Gillian Sorensen

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Gillian Sorensen is currently a 2014 Harvard University Advanced Leadership Initiative Fellow. Prior to this, she had a long career with the United Nations serving as Assistant Secretary-General; Senior Advisor and National Advocate at the United Nations Foundation; and New York City Commissioner for the UN and Consular Corps. An experienced public speaker, she has addressed audiences as diverse as Rotary International and the United States Air Force Academy; university students; journalists and leaders of civil society.[1] In recent years, she has made nearly 800 appearances, speaking about the United Nations and all related issues.

Career[edit]

Sorensen worked for the United Nations Foundation from 2003-2013 as Senior Advisor and National Advocate on matters related to the United Nations and the US-UN relationship.

Sorensen served in the United Nations as Assistant Secretary-General for External Relations, from 1997 - 2003, on appointment by Secretary-General Kofi Annan. She was responsible for outreach to non-governmental organizations and was the contact point for the Secretary-General with parliamentarians, the academic world, religious leaders and other groups committed to peace, justice, development and human rights.[2]

From 1993-1996, Sorensen served as Special Adviser for Public Policy on appointment by Secretary-General Boutros Boutros-Ghali where her duties included directing the UN’s global Fiftieth Anniversary observances in 1995. She led the planning of conferences, debates, documentaries, concerts and exhibits; the preparation of books and curricular materials, and the coordination of the UN50 Summit at in which l80 Presidents and Prime Ministers participated.[3]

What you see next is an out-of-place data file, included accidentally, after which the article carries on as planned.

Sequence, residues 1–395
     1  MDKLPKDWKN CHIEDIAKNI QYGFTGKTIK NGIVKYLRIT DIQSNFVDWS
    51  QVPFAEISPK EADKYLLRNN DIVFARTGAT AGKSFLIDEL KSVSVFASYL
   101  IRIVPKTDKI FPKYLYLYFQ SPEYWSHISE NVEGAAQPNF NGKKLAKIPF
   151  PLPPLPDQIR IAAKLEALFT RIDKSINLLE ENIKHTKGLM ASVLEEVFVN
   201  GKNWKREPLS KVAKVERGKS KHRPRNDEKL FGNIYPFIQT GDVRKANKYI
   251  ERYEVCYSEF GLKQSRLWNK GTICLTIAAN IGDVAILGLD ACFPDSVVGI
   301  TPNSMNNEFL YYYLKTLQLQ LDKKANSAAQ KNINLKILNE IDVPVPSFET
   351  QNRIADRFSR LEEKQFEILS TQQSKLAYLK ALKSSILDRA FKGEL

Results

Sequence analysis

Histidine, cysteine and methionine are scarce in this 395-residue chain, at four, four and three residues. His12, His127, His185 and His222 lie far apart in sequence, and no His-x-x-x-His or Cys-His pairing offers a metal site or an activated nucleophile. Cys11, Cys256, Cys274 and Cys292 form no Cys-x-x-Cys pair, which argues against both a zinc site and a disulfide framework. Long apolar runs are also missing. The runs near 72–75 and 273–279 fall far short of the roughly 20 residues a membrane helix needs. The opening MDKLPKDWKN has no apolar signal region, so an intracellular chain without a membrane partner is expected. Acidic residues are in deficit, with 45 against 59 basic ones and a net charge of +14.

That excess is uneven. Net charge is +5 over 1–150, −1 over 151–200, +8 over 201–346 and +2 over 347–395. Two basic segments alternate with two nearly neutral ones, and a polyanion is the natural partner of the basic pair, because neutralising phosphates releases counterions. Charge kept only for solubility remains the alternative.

Sorensen earlier served from 1978–1990 on appointment by Mayor Edward I. Koch as New York City Commissioner for the United Nations and Consular Corps, head of the City’s liaison with the world’s largest diplomatic community. Her responsibilities included matters related to diplomatic security and immunity, housing and education, and other cultural and business contacts between the host city and over 30,000 diplomats. She secured Federal reimbursement to New York for the costs of diplomatic protection, which continues to this day.[1]

As a role model to campus leaders for her activism, Sorensen was invited by the Millennium Campus Network (MCN) as a national keynote speaker and honored as a Global Generation Award winner alongside US Secretary of State John Kerry and fellow global leaders at MCN events in 2011.[4]

Personal life[edit]

Sorensen grew up in Michigan, the daughter of parents active in politics and civic affairs.[5]

She is a graduate of Smith College and studied at the Sorbonne.[6] In the fall of 2002, on leave from the UN, she was an Institute of Politics Fellow at the Harvard Kennedy School of Government. She is a member of the Council on Foreign Relations and many other organizations. Previously, she served on the Board of the Corporation for Public Broadcasting on appointment by the President of the United States. In addition to her public service, she has been active in politics and was a delegate to three national Presidential conventions.[1]

She is the widow of Theodore C. Sorensen, who served as President John F. Kennedy's speechwriter and Special Counsel in the White House and later had an international law practice. They are the parents of a daughter, Juliet Sorensen.[7]

Notes[edit]

  1. ^ a b c "United Nations Foundation Senior Adviser to Speak on 'Controversy and Opportunity'". Kansas City infoZine. November 9, 2005. Retrieved December 13, 2010. 
  2. ^ "'The U.N. bashing has got to stop,' said Gillian Sorensen". Daily Record. March 20, 2005. p. A9. 
  3. ^ Pacque, Peter (April 5, 2004). "Public forum to address U.N.-U.S. relationship". Richmond Times-Dispatch. 
  4. ^ Shanahan, Mark; Goldstein, Meredith (September 20, 2011). "Dushku honored at Global Generation Awards". The Boston Globe. 
  5. ^ Mouat, Lucia (December 19, 1989). "Diplomats' den mother: She's '911' for New York City's UN community". Chicago Tribune. p. C1. 
  6. ^ "Happenings". The Gazette. March 25, 2004. p. 1D. 
  7. ^ "WEDDINGS; Juliet Sorensen, Benjamin Jones". The New York Times. August 20, 2000. Retrieved December 14, 2010. 

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